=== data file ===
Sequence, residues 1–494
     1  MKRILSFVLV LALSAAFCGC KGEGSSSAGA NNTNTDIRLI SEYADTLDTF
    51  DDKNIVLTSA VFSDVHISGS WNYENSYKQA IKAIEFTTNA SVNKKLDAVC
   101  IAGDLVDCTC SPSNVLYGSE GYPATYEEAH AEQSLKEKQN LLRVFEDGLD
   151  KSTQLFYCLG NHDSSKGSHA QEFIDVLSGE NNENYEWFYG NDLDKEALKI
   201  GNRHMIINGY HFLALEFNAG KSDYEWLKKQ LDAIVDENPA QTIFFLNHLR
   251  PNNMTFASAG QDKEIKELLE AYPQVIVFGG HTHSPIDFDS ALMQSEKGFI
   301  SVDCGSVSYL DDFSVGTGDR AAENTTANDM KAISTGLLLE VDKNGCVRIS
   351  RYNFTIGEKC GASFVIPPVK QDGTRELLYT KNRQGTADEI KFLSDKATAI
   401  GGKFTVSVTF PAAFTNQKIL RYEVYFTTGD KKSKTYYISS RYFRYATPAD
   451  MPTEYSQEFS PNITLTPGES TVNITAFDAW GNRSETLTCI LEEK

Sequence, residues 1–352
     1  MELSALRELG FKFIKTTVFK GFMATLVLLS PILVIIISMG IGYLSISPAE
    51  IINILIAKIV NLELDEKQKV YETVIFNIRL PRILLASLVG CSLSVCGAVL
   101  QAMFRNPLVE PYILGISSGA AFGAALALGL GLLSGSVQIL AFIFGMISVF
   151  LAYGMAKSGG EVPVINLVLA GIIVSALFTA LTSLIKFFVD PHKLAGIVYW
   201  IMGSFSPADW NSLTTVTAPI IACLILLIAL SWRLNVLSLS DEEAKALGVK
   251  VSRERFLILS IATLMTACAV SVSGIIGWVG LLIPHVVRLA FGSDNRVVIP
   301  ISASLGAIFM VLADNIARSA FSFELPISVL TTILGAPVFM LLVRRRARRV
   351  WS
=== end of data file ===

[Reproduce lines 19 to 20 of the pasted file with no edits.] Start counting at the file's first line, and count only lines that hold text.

   301  ISASLGAIFM VLADNIARSA FSFELPISVL TTILGAPVFM LLVRRRARRV
   351  WS